Science & Technology

Europe’s first one-piece concrete home printed in Belgium

By Javier Albisu

Westerlo, Belgium, Jul 14 (efe-epa).- Europe’s first one-piece concrete home has been built using a 3D-printer in Belgium.

The concrete structure was erected in just 15 days on the premises of Kamp C, a Flemish expertise centre focused on developing sustainable technologies.

“The biggest benefit of it all is that you have no form limits. So when you can think out of the box and when you have a really creative mind you can really think of all the forms that exist in the world, organic forms, that, I think is the biggest advantage of all. That you can print really organic forms without making a very complex framework before doing it,” Engineer and Project Manager Marijke Aerts tells Efe.

“It is faster but it takes you a little bit longer to design and afterwards it is a machine doing the rest of the work,” she adds.

The prototype consists of a 9.9 metres high cube with 90 habitable square metres spread over two floors.

The home has been printed using 60 tons of concrete on a campus near a residential area of ??the municipality of Westerlo, in the Flemish region in northern Belgium.

The project started in 2017 and the construction of the prototype has required six months of design and preliminary tests before delving into the production phase.

To build the unique house, a COBOD construction printer was used. The modular machine is made up of 10-metre-high columns with a printer head in the middle which adds layers of cement to the construction site much like piping buttercream onto a cupcake.

For the project, Kamp C and the province of Antwerp received a $755,000 grant from the European Regional Development Fund (ERDF)’s European C3PO Project and closely collaborated with a team of architects and construction firms, a construction materials provider and students from Thomas More University of applied sciences.

The printed home was never designed for being used and was conceived as a technological showcase that will be open for public viewing in July and August.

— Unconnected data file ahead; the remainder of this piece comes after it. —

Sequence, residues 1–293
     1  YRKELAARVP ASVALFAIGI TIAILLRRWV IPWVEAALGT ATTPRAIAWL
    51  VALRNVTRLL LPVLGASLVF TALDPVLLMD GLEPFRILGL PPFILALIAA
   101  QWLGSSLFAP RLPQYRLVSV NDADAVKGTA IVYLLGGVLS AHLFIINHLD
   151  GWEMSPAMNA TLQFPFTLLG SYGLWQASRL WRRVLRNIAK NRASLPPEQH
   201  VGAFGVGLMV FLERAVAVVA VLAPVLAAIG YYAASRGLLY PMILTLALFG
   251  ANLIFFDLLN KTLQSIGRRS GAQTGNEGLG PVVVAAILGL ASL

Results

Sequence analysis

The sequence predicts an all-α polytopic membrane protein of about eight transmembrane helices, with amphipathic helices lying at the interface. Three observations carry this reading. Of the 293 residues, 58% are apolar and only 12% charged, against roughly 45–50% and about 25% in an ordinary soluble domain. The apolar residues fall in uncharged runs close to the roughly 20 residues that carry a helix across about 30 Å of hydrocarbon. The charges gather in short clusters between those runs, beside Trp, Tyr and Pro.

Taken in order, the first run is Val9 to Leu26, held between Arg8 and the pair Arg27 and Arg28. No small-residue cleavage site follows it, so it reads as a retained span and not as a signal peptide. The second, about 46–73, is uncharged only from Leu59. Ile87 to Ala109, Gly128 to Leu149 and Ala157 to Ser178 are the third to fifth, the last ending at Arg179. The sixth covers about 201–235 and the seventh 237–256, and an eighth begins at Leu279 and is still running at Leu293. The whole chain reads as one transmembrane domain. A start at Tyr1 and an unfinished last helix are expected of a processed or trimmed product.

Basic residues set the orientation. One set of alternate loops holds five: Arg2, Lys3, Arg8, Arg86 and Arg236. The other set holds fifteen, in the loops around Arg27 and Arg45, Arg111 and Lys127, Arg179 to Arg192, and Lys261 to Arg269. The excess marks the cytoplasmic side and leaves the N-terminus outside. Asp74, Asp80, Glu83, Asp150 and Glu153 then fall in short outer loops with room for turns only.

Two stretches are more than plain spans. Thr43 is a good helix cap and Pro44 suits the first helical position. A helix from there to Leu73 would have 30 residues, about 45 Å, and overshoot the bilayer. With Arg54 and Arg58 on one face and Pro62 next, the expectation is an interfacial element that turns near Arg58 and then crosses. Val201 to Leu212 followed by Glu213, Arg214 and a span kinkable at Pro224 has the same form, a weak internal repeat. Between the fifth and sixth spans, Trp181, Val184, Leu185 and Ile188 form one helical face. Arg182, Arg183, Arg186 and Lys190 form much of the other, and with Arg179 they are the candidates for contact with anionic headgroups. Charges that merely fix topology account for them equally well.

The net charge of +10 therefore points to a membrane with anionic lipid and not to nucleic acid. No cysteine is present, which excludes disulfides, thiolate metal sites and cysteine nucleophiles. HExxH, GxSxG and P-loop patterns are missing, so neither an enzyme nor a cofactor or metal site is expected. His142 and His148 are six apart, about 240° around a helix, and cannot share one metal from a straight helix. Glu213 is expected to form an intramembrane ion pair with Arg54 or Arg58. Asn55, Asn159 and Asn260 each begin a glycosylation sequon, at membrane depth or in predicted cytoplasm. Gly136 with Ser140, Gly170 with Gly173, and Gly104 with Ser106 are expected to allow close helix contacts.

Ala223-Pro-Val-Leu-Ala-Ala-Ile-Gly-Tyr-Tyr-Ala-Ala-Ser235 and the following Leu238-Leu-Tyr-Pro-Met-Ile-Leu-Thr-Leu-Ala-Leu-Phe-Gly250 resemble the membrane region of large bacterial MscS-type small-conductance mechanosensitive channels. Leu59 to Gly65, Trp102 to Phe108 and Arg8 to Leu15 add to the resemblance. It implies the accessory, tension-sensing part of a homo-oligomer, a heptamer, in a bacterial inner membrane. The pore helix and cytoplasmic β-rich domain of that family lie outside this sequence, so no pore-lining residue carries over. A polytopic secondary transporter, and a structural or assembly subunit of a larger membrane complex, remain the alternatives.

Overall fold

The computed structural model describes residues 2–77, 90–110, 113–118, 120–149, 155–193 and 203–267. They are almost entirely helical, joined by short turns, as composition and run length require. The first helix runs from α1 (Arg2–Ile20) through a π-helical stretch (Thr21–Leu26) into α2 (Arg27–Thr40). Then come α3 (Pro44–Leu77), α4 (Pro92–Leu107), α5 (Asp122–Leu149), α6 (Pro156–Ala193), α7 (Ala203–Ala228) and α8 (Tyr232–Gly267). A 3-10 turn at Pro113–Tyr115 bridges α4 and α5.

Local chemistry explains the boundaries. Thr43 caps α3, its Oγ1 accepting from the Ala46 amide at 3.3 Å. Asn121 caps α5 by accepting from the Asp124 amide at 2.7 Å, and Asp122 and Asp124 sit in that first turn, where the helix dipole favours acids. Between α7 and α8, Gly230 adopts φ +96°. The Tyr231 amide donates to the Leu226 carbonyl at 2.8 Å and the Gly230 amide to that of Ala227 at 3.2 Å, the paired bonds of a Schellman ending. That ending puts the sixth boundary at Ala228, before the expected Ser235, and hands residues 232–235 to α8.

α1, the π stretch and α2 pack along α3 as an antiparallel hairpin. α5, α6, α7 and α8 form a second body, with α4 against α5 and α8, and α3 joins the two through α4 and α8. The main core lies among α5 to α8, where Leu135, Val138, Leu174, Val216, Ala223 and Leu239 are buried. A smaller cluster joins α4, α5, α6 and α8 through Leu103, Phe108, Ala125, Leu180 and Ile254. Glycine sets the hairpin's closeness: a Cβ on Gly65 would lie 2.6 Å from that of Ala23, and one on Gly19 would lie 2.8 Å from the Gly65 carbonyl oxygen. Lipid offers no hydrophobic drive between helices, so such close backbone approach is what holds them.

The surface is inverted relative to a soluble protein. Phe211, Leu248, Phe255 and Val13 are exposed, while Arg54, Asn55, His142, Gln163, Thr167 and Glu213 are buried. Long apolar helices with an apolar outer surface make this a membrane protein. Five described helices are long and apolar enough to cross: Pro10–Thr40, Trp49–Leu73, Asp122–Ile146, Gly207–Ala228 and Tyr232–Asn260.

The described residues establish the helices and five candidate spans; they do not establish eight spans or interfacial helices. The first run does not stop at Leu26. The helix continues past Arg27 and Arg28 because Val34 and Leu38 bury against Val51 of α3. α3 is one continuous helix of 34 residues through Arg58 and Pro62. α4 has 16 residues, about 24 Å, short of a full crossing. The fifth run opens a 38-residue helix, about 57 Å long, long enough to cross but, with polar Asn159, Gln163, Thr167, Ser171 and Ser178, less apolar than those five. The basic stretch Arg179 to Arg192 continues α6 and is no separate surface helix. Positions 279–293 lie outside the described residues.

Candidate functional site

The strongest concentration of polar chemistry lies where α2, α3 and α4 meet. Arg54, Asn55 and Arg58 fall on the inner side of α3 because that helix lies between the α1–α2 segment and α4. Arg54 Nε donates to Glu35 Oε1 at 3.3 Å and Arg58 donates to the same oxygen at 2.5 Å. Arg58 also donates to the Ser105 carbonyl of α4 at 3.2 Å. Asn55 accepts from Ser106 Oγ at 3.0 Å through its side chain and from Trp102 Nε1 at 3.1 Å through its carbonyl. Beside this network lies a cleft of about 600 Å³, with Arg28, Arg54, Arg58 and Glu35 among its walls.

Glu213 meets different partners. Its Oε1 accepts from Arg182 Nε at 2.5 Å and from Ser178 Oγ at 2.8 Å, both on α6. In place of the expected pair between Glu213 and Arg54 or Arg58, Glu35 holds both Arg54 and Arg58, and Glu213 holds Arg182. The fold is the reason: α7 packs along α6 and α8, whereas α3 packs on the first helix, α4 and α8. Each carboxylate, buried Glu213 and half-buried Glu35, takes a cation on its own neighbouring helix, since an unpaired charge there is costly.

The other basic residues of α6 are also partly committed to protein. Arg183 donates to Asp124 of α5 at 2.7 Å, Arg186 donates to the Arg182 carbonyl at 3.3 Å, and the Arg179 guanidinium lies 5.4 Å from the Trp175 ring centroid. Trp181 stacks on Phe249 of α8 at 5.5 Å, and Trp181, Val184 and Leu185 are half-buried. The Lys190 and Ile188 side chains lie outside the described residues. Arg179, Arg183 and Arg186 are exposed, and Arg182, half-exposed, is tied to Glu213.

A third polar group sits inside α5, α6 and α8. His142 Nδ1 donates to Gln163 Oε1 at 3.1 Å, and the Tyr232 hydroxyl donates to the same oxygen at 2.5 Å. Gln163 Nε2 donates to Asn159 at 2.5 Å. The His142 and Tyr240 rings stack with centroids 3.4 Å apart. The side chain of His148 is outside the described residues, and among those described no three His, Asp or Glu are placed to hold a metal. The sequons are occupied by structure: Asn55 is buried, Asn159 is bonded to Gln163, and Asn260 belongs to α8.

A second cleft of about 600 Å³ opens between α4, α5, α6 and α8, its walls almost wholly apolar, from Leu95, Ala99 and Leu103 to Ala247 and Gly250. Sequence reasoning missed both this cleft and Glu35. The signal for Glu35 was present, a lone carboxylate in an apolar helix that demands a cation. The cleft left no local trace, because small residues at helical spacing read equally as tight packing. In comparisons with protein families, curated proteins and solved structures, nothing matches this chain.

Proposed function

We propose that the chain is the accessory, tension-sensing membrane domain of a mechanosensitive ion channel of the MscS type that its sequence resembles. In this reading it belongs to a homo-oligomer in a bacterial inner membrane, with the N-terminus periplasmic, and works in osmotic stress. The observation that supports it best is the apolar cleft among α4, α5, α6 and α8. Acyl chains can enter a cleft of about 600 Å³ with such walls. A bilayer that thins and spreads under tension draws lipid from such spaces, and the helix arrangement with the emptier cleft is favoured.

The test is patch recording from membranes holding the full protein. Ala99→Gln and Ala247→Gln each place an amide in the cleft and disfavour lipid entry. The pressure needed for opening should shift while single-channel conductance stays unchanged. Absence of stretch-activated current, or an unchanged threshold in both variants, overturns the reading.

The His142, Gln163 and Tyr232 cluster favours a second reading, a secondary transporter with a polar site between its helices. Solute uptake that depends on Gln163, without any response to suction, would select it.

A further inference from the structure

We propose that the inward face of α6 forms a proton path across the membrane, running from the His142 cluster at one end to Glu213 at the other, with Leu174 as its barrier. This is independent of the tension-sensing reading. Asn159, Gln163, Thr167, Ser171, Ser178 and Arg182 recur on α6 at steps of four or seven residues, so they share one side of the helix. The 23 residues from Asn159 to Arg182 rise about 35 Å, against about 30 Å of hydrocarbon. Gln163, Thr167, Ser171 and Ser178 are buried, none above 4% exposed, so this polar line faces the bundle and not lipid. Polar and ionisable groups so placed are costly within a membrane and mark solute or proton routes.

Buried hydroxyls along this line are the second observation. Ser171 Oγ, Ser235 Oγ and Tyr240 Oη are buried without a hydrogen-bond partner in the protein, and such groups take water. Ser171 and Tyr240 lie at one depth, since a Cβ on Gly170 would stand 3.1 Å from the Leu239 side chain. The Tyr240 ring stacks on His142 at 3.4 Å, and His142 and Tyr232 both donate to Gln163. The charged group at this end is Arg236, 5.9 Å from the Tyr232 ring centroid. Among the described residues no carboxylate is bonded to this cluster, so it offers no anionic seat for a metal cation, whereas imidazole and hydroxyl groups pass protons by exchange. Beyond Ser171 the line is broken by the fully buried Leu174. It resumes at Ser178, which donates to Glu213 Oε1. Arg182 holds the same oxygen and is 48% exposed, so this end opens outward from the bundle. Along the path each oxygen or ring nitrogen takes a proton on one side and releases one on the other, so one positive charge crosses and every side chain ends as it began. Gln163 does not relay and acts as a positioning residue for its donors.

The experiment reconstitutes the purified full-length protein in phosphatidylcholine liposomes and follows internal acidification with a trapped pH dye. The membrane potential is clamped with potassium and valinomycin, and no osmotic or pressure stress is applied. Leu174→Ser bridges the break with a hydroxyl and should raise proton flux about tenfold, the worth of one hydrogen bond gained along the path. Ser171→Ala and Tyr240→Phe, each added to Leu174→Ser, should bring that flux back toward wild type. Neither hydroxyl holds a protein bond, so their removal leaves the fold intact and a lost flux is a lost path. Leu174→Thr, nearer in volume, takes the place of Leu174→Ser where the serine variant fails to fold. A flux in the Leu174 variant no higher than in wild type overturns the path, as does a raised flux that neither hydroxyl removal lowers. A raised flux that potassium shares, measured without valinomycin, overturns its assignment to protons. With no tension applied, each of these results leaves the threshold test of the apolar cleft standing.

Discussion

“We are not planning to print more houses and certainly not over here but we are planning the next experience with other companies to try out the printer. So we are going to replace them on another spot here at Kamp C and then we will try and test some other things with it and see if we can use other materials in the printer, see if we can add all kinds of things to the materials. We want to try what are the possibilities, what are the limits but we are not planning to build another house,” Aerts adds.

Although the pilot project has proven expensive, Kamp C experts are hoping to optimize and scale up the processes.

Eventually, the “technique will be cheaper than the classical way of building because we don’t need so many workers on site, we don’t need as much transportation of materials,” Aerts says.

Installing the printer in the desired location takes a day and once the device is up and running, no bricklayer is needed, although it is necessary for a person to start and stop the machine, supervise the development of the work on a computer and clean the entire facility.

The technological possibilities are as wide-ranging as the creativity of designers.

“You can design a house for a really special spot and of course there you can use the right material to build it and the trite technique over there. So a house in Spain could be totally different than a house in northern Finland and it can have a different structure and different goals and all that,” the engineer concludes. EFE-EPA


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